The World Bank Group
Founded in 1944, the World Bank Group allocated US$15.3 billion in loans to its client countries in 1999 and is now working in more than 100 developing economies. The World Bank is owned by more than 180 member countries, whose views and interests are represented by a Board of Governors and a Washington-based Board of Directors. Every member government of the World Bank Group is represented at the Bank's headquarters in Washington, D.C. by an Executive Director. The five largest shareholders - France, Germany, Japan, Britain and the United States - each appoint an Executive Director, while the other member countries are represented by 19 Executive Directors, who are elected by groups of countries (or constituencies). The 24 Executive Directors normally meet twice a week to oversee the Bank's business, including approving loans and guarantees, new policies, the administrative budget, country assistance strategies, and borrowing and financial decisions.
The IMF is an international organisation of 182 member states. Final negotiations for establishing the International Monetary Fund took place among the delegates of 44 nations gathered at Bretton Woods, New Hampshire, USA, in July 1944. The IMF began operations in Washington, D.C. in May 1946. It then had 39 members.
The founding nations reasoned in 1944 that the IMF would function most efficiently and decisions would be made most responsibly by relating members' voting power directly to the amount of money they contribute to the institution through their quotas. Those who contribute most to the IMF are therefore given the strongest voice in determining its policies. Thus, the United States now has more than 265,000 votes, or about 18 percent of the total.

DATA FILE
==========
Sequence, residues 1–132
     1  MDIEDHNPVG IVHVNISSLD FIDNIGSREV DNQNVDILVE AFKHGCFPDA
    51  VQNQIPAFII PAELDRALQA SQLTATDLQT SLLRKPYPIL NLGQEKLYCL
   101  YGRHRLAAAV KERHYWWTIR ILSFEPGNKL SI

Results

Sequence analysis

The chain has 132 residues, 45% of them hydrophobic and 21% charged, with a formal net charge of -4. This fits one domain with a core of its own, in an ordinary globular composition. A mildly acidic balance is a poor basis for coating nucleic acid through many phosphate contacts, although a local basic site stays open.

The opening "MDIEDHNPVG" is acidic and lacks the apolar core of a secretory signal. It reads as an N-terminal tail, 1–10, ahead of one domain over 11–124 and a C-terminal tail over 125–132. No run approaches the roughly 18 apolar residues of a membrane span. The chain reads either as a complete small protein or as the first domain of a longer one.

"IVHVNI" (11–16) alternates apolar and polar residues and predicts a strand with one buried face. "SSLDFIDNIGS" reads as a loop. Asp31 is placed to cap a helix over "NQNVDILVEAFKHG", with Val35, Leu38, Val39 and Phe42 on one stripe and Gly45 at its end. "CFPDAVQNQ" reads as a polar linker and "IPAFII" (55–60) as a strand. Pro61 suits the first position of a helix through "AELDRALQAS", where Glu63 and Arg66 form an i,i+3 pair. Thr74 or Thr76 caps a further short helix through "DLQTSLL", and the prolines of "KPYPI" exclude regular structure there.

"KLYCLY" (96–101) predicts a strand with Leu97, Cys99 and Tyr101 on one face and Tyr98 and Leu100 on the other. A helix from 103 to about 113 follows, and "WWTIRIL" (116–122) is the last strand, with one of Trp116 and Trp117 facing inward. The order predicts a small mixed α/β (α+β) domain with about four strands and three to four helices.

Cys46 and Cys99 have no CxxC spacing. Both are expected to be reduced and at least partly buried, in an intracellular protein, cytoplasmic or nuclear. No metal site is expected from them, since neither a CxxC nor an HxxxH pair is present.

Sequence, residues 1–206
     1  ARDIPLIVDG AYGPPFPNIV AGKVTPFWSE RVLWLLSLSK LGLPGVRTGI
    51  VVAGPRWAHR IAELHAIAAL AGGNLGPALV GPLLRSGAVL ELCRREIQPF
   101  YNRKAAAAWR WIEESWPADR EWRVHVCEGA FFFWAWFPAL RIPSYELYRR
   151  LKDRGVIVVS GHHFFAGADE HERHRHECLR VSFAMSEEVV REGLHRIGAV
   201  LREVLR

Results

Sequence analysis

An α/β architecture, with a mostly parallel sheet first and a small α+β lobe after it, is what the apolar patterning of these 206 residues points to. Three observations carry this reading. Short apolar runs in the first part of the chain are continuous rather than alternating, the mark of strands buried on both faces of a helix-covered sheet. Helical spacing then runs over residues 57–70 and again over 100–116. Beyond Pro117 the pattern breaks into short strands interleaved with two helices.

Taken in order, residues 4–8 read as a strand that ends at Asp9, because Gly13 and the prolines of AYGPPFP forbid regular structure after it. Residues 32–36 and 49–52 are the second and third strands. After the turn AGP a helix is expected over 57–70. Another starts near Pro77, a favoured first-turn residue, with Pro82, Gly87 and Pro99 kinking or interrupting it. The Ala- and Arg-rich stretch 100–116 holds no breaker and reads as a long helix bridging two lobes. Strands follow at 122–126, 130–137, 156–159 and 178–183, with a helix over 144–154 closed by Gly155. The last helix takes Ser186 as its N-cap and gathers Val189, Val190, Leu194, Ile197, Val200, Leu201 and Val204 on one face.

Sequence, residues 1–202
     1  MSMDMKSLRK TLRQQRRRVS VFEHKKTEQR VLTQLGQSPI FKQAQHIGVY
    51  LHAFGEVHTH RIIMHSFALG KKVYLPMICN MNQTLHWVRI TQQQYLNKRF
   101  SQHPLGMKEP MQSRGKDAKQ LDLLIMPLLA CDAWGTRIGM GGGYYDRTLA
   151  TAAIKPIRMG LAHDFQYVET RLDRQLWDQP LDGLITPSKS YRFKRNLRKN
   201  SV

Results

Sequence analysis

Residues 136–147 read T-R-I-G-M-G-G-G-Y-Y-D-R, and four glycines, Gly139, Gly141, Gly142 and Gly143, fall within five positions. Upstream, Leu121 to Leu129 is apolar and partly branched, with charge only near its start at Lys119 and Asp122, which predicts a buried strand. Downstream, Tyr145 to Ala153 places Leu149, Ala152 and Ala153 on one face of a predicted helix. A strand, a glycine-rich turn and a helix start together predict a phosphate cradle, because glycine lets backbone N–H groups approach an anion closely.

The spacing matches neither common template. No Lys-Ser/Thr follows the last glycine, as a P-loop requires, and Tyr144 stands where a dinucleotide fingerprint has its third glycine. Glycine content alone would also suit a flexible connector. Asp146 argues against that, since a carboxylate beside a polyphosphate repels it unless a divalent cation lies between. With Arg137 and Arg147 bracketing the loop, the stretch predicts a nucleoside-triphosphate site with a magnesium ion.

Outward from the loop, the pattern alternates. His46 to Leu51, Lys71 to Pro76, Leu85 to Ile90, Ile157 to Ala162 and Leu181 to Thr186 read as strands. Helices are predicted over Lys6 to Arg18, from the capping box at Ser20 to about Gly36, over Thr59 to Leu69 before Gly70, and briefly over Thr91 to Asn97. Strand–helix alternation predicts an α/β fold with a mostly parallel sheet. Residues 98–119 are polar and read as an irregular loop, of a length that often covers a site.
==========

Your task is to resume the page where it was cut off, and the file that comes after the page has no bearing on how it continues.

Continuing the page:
Uganda is the first state to receive debt cancellation under the enhanced `Heavily Indebted Poor Countries' (HIPC) debt relief scheme agreed at the G8 Summit in Cologne more than a year ago. On 11 September, the Paris Club of 20 major creditor countries finally agreed to cancel $145 million of Uganda's debt; only Austria refused to agree this final step.
The International Monetary Fund, the World Bank and the African Development Bank will cancel another $511 million shortly - and all of the G8 industrialised countries are now cancelling 100% of the debt that Uganda owes directly to them. In total, about 42 per cent of Uganda's debt is being cancelled
Finance Minister Emmanuel Tumusiime Mutebile said the money released by the debt write-off would be channelled into providing safe drinking water, sanitation and better education for the poor.
However, even though Uganda will now get all the debt cancellation available under the HIPC scheme, it will still be paying creditors in the region of $50 million a year. Uganda's total debt in 1998 was $3.6 billion. Almost three quarters of its long-term debt is owed to the international financial institutions.
Haiti hopes that six months from now it will have recovered millions of dollars embezzled by the former dictator Jean-Claude ``Baby Doc'' Duvalier and secreted in Swiss banks. It may also launch a prosecution against him in France, where he lives in exile.
The leader of the poorest country in the Americas, President René Préval, is more alarmed by the sums his country must pour out to repay loans. On June 2000, Préval signed a petition calling on international creditors to annul the country's swelling $1.2bn (£800m) debt. Haiti is not among the countries to receive debt cancellation under the HIPC initiative.
The traffic in boat people heading for Miami is reviving - a clear indication of declining living standards. In May this year, ten Haitian policemen disguised as missionaries hijacked a local ferry. The catamaran and its 121 passengers was found adrift in American waters after the fuel ran out. ``We didn't steal the boat,'' explained one policeman. ``We stole the destination.''